'Irony' of snow-making in Scotland's 2017-18 ski season
Ski-Scotland's chairman has spoken of the irony of three snowsports centres investing in snow-making when there is lots of the natural white stuff.
Glencoe Mountain, The Lecht and CairnGorm Mountain have brought in "factories" to manufacture snow.
The centre's decisions to do so followed a poor 2016-17 season.
Andy Meldrum said natural snowfall had already pushed the number of skier days this season far above the figure for all of the last one.
Glencoe, The Lecht and CairnGorm are among Scotland's five mountain snowsports centres. The others are Glenshee and Nevis Range.
They were all able to start the new season in November, though were beaten by Lowther Hills Ski Area in the south of Scotland to being the first outdoor centre to offer skiing and snowboarding.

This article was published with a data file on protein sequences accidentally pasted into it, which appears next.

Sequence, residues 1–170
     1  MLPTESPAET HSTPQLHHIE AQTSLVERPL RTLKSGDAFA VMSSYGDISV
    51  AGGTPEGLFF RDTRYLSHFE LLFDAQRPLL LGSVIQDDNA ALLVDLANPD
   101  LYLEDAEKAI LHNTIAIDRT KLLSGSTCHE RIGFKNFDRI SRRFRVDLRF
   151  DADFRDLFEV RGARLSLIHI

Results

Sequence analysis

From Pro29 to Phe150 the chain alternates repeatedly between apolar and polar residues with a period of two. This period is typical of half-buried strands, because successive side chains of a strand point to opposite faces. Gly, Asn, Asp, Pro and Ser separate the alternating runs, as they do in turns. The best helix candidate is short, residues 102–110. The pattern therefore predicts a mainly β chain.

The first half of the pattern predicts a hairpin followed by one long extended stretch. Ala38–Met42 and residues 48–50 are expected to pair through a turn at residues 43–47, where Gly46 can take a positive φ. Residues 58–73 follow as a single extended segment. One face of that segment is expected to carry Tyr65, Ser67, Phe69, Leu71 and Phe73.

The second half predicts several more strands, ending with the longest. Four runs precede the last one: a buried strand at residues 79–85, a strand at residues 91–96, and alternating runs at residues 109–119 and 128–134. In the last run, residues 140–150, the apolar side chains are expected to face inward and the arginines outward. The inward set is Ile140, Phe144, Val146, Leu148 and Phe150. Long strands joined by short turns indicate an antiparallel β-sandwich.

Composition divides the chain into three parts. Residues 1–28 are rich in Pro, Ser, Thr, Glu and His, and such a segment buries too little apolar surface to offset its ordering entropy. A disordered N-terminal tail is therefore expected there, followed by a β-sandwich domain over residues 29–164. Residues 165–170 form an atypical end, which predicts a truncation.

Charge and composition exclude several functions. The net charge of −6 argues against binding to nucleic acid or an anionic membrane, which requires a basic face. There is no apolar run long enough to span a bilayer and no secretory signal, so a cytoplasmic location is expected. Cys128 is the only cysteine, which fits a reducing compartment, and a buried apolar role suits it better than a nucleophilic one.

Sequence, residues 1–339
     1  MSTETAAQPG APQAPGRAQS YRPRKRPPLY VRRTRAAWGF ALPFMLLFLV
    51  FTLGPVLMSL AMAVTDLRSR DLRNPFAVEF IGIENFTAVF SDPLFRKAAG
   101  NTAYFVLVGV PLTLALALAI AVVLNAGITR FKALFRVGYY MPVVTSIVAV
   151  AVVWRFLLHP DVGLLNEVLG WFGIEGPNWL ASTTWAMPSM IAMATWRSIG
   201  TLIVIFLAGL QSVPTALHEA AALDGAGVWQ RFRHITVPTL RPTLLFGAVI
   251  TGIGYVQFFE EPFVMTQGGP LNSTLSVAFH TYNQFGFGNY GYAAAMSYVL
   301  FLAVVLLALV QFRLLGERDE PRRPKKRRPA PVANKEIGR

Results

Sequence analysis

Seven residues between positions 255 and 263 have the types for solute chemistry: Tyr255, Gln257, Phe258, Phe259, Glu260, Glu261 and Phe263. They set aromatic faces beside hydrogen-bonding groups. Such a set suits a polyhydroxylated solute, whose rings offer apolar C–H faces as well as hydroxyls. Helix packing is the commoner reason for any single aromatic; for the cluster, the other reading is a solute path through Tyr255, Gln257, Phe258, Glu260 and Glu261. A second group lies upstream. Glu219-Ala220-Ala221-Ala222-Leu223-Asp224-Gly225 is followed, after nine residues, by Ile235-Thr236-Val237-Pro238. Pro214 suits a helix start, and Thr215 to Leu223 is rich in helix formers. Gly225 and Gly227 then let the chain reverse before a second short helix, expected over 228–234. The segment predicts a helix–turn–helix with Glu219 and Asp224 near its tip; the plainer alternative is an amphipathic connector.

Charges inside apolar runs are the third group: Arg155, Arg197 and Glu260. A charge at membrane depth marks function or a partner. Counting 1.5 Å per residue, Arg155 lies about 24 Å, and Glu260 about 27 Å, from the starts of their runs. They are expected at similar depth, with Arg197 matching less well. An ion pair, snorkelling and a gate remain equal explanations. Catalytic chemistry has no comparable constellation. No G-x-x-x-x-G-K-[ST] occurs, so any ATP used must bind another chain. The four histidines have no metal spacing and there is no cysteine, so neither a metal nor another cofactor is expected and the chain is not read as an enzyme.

Some of the best condition were enjoyed last month due to heavy snowfalls and cold, calm conditions.
Mr Meldrum, of national snowsports industry body Ski-Scotland, said: "Great snow and weather conditions in early January brought out skiers and snowboarders who'd been frustrated last season.
"It's almost like there's a pent-up desire to come sliding at one or other of our five mountain resorts."
Mr Meldrum added: "It's ironic really that three of our ski areas have obtained the use of Technoalpin snow factories to make snow in marginal conditions and yet Nature has delivered natural snow for all of our resorts.
"Long may that continue."
Mr Meldrum said it was hoped the Winter Olympic Games, which start in PyeongChang on 9 February, would boost interest among people to visit the outdoor centres as well as Glasgow's indoor site, Snow Factor.
Glencoe Mountain, The Lecht and CairnGorm Mountain are using snow-making technology to cover lower slopes and help prolong their seasons.
Natural snow can never be guaranteed in Scotland.
Last year, the snowsports season was poor due to a lack of the white stuff and frequent spells of mild and windy weather.
Glencoe Mountain, which dates to 1956, said the 2016-17 was its worst on record with skiing possible on only 32 days.
Previous seasons have benefited from heavy snowfalls and low temperatures.